Drivers face theoretical deceleration stresses of up to 80 times the force of gravity in an accident. In such a situation, the weight of the head and helmet increases quickly from 7kg to as much as 560kg. HANS would help to absorb this strain, as well as prevent the driver’s head from hitting the steering wheel or front edge of the cockpit.

Basic Concept

In a crash without HANS, the shoulder harness and seat restrain the driver’s torso, but only the neck restrains the head and helmet. The HANS device keeps the driver’s head from being pulled away from his upper body. With HANS, forces stretching the neck are reduced to less than one-fifth in a frontal collision as slow as 41 mph. The HANS works in a simple and elegant manner.

A CFRP yoke is worn by the driver fitted around his neck and under the shoulder belts. His helmet is loosely connected to this yoke by tethers ensuring free movement of the head. In a frontal crash, these tethers restrain the head with forces that directly counteract the head’s forward movements while the torso and HANS are restrained by the shoulder harness. By restraining the head to move with the torso in a crash, the head motions and forces in the neck are dramatically reduced. The helmet loading is also transferred from the base of the skull to the forehead- which is far better suited in taking the force.

Recent HANS Testing and Development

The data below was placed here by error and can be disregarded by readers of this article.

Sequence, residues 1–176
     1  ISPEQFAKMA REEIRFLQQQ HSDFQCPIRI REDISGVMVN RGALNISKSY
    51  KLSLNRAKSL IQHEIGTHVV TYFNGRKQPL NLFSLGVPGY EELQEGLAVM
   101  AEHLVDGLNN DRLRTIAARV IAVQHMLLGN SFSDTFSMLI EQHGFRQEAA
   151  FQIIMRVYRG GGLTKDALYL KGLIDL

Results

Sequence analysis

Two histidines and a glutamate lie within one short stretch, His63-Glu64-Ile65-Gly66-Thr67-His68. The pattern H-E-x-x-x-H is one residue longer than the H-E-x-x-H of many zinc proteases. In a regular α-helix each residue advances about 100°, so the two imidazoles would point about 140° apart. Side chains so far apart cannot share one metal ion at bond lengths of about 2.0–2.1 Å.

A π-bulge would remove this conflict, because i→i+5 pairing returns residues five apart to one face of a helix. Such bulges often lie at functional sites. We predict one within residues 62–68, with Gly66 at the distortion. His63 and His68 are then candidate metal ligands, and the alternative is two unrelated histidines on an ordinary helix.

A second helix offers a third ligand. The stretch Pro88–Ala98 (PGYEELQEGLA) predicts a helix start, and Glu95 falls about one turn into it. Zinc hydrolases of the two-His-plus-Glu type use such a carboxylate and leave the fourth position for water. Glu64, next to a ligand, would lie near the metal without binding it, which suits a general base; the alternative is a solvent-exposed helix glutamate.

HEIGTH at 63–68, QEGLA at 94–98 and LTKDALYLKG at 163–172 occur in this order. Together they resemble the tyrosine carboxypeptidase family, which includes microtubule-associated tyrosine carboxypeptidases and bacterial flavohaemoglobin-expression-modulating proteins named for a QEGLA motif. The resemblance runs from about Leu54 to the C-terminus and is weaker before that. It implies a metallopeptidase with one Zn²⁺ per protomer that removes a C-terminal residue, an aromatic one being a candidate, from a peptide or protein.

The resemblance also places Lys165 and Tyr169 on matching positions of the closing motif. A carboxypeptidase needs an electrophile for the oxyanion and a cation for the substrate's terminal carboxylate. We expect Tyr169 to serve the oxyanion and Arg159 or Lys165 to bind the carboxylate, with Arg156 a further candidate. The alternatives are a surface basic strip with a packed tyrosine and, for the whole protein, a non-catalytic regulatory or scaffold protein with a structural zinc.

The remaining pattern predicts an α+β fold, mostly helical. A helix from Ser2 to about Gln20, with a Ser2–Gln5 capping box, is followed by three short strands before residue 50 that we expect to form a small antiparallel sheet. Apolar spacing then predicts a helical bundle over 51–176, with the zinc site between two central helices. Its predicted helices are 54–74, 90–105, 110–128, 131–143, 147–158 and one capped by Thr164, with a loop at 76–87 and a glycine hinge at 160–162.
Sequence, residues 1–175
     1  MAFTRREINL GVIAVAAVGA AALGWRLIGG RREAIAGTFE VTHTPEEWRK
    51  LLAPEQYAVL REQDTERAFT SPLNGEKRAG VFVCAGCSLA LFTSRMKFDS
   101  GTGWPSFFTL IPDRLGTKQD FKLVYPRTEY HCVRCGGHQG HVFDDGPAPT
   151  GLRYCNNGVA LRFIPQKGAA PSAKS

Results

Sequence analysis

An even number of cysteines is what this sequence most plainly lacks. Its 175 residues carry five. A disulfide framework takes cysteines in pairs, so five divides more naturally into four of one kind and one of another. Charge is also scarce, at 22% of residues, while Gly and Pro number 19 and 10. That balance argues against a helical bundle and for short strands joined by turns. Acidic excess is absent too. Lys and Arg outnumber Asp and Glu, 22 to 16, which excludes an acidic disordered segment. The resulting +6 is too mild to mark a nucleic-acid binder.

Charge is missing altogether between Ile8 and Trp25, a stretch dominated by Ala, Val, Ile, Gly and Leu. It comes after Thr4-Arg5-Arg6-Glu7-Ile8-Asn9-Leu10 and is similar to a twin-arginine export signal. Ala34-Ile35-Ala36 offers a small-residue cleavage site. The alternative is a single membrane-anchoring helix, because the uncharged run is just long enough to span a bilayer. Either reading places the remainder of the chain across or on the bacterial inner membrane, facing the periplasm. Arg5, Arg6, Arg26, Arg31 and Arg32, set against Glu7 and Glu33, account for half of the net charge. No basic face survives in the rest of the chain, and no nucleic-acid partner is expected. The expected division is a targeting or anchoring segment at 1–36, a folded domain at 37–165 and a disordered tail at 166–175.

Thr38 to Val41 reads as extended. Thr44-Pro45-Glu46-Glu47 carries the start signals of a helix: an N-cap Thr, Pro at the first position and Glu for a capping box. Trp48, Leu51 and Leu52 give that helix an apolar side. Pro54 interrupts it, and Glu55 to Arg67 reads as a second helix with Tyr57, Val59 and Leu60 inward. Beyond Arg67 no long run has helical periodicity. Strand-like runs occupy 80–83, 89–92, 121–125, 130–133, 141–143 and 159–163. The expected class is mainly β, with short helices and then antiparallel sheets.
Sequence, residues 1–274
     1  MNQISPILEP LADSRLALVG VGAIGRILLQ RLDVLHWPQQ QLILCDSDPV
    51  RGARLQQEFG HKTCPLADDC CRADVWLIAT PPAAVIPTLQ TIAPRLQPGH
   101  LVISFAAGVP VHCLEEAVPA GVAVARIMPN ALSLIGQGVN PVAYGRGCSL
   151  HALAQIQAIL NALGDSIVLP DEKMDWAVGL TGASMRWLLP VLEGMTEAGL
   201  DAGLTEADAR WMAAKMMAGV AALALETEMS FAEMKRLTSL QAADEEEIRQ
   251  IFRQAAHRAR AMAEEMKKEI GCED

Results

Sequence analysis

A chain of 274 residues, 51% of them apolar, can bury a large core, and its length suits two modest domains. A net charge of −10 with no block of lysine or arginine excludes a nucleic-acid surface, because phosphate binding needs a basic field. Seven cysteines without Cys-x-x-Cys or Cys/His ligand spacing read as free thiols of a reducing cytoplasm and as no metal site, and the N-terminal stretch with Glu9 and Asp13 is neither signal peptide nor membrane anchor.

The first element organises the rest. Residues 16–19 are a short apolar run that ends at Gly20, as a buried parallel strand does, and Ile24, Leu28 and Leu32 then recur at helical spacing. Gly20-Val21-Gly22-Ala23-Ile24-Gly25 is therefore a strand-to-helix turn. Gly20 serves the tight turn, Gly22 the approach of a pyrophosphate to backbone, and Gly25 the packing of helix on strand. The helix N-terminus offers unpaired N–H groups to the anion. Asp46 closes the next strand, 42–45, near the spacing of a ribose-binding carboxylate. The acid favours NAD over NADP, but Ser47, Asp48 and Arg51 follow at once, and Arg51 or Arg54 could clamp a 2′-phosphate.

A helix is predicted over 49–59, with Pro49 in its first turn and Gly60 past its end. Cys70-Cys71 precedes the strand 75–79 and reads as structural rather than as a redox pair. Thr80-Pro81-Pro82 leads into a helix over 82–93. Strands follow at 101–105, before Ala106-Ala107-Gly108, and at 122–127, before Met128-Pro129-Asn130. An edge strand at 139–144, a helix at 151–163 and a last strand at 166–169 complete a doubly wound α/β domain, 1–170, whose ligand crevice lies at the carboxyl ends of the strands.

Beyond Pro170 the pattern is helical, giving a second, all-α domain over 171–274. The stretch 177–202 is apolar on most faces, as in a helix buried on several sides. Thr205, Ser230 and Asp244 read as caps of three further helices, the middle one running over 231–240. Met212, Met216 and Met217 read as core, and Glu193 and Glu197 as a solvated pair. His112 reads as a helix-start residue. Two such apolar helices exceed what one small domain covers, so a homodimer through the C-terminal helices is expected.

In 1997, DaimlerChrysler, Hubbard, and Downing started a cooperation to develop and evaluate HANS prototypes suitable for the FIA Formula 1 environment.

A progression of HANS prototypes were made and evaluated in many impact sled tests to develop a HANS (Figure 2) that is much smaller than the original device (Figure 1). This smaller HANS fits reclined driving positions, as is the norm in F1, CART, and IRL. Also, the smaller HANS devices have worked spectacularly well for drivers in upright seating positions such as NASCAR, ASA, TransAm, and the German Touring Car Series.

The results shown in Table 1 are from testing by DaimlerChrysler, and provide a summary of HANS’s performance in frontal crashes. These tests were run with a dummy to simulate a reclined driver with a crash sled acceleration of 45 G’s.

The results of the baseline test without HANS are shown in Table 1 relative to published injury thresholds used for passenger cars. Without HANS , the dummy’s head swung forward, hitting the steering wheel. The resultant load in the neck (the combination of the tension and shear loading of the neck) exceeded the injury threshold. Neck loading of this magnitude leads to fractures of the base of the skull (basilar skull fractures) that are the most common cause of death in racing drivers.

The HANS provided a dramatic reduction in injury potential. With HANS, the head was less likely to strike surfaces of the cockpit. The Head Injury Criterion (HIC) was used to assess the severity of direct head impacts. In most cases with HANS, the HIC were not applicable. Even so, HIC was reduced with HANS. Without HANS the head swung forward and, as will be discussed below with Figure 6, head accelerations due to head swinging without HANS were higher than with HANS where head swinging was restrained.

With HANS, the forward motions and rebound of the head were reduced. Also, the neck loads were dramatically reduced, decreasing the potential for basilar skull fractures. Chest deflections were also reduced. As the dummy was pushed against the shoulder belts, the HANS device distributed some of the force to the shoulders and away from the chest.